I needed her to proofread our place settings, not casually ask me how the planning was going like any other outsider. I needed a tearful rundown of how much it had broken her heart to leave our family, not the dispassionate details of her pores’ healing process.

When we finished lunch, I returned to my apartment and lists. I continued to avoid desserts and check the weather obsessively, long before the forecast could possibly be accurate for the wedding date. I took a lot of deep breaths, reminding myself that nobody would notice the typo on the seating chart, everyone who was coming was vaccinated, that the things in my control were in good shape.

I gave up on trying to understand my mother, deciding that further emotional labor would have to wait until after the wedding. When the day finally came, I kissed my fiancé good morning and set off for the hotel, where I was getting ready with family and friends. I couldn’t wait to see all the details I had obsessed over in the previous months come to life. I couldn’t wait to say “I do”in front of everyone I loved. I couldn’t wait to go on our honeymoon and finally get some sleep.

We primped and polished ourselves all afternoon in the fanciest hotel suite I had ever been in, paid for with the money my mother made selling her business, the business she had spent my entire adolescence building — almost in secret, it felt, since she never missed a single minor or major milestone in my life. It was only in the last few years of her tenure as C.E.O. that girl bosses and empowerment Twitter and workplace feminism had really taken off.

In one of our fights over the last year, I had asked my mother if she thought the internet had empowered her to leave my father.

She looked confused, then responded with her favorite cryptic phrase: “I don’t know.”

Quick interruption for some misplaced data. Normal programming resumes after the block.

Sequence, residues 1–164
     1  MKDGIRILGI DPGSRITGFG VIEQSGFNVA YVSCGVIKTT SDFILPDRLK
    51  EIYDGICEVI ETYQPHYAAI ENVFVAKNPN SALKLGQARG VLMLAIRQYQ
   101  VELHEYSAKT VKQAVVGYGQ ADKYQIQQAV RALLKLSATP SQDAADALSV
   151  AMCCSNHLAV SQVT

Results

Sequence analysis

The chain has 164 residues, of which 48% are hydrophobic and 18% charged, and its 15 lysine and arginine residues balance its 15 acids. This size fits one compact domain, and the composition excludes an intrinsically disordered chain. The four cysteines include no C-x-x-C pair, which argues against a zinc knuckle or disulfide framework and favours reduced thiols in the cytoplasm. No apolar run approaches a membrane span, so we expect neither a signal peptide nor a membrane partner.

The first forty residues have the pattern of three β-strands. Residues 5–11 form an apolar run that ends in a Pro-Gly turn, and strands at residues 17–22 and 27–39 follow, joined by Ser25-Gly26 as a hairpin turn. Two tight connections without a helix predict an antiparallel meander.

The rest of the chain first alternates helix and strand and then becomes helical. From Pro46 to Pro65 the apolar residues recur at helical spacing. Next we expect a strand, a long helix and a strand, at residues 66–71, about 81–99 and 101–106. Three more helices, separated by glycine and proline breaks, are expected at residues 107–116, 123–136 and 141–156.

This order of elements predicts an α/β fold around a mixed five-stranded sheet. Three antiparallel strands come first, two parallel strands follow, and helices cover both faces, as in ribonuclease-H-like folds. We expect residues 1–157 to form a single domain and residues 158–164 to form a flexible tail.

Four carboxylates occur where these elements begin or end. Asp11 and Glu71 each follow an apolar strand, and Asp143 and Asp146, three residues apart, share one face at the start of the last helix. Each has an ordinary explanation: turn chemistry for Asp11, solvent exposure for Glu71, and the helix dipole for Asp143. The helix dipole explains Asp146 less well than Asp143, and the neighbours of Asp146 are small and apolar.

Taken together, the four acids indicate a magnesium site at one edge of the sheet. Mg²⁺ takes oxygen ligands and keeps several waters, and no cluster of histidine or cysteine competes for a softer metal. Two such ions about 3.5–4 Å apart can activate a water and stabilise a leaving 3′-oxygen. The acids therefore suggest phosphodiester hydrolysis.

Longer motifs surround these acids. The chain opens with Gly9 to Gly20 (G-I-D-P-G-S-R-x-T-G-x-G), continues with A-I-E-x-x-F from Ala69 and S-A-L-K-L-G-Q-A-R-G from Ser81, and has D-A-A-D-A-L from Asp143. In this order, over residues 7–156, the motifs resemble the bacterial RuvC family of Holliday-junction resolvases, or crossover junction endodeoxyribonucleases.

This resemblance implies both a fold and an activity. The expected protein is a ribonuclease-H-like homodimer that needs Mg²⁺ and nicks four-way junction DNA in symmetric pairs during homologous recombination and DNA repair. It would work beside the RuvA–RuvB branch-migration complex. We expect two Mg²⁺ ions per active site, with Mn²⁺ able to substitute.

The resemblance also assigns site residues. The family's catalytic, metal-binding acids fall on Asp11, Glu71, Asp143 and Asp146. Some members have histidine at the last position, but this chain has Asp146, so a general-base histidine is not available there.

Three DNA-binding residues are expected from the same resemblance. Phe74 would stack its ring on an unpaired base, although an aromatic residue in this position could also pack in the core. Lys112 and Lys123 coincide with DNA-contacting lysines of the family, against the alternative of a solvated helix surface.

When we arrived at the venue, I touched up my makeup in a dressing room while my mother and sister fluttered around me. Here was the moment when it would all come together — or not. But none of the disaster scenarios I had feared were top of mind, or even in my mind at all. I had put in the work to get here, and now I was letting go.

When my mother asked me how I was, I said, “Really good.”

Later, I walked down the aisle in a happy daze and cried during my vows. The evening was filled with intimate moments not only with friends and family, but with my husband, who lit up my world that night like he had for the previous six years.

All evening I was happy, my feelings uncomplicated and pure. My mother and I hadn’t gone through some magical healing process during the wedding planning as I had hoped, but I was entirely OK. Finally, the somewhat grating concept that this was “my day” rang true.

And I realized that, for all our differences, my mother and I were alike in this experience. Because, some 18 months earlier, without fanfare or celebration, her day had come too. She must have had a million feelings and fretted endlessly as she considered whether to leave my father, but when the time came, she knew she was OK and knew it was right. She had worked on our family her whole life, and, for her, letting go of that wasn’t giving up — it was the beginning of a new phase.

I watched my mother twirl on the dance floor, happier than I had seen her in years, perhaps freer than I ever had seen her. And though I was entering my marriage as she was exiting hers, I felt that our joy came from a similar place: of being in the right place, at the right time, sure of oneself.

It felt a little like forgiveness, a little like moving on. It also felt like I was back to being an adult, separating my happiness from my family’s complicated web of relationships. It wasn’t the right time to grab my mother and have a conversation about it. The band was playing at full steam, the cake was about to be cut, and my attention was fabulously splintered. But there is more than one way to share feelings, and even with my mother far out of view, I sensed that we were finally, and completely, in sync.

Katy Gathright is a writer in Washington DC.

Modern Love can be reached at modernlove@nytimes.com.